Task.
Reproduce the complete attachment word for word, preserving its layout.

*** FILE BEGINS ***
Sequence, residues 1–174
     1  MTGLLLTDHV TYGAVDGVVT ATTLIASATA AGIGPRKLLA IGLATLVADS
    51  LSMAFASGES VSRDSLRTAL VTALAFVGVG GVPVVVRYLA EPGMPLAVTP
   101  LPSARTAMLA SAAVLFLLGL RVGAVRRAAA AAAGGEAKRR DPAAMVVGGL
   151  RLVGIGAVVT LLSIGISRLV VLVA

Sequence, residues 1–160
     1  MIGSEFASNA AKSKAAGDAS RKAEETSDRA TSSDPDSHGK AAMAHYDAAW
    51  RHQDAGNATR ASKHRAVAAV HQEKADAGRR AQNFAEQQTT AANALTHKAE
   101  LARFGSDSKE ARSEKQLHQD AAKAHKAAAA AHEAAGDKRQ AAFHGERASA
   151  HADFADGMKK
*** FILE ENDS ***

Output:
Sequence, residues 1–174
     1  MTGLLLTDHV TYGAVDGVVT ATTLIASATA AGIGPRKLLA IGLATLVADS
    51  LSMAFASGES VSRDSLRTAL VTALAFVGVG GVPVVVRYLA EPGMPLAVTP
   101  LPSARTAMLA SAAVLFLLGL RVGAVRRAAA AAAGGEAKRR DPAAMVVGGL
   151  RLVGIGAVVT LLSIGISRLV VLVA

Sequence, residues 1–160
     1  MIGSEFASNA AKSKAAGDAS RKAEETSDRA TSSDPDSHGK AAMAHYDAAW
    51  RHQDAGNATR ASKHRAVAAV HQEKADAGRR AQNFAEQQTT AANALTHKAE
   101  LARFGSDSKE ARSEKQLHQD AAKAHKAAAA AHEAAGDKRQ AAFHGERASA
   151  HADFADGMKK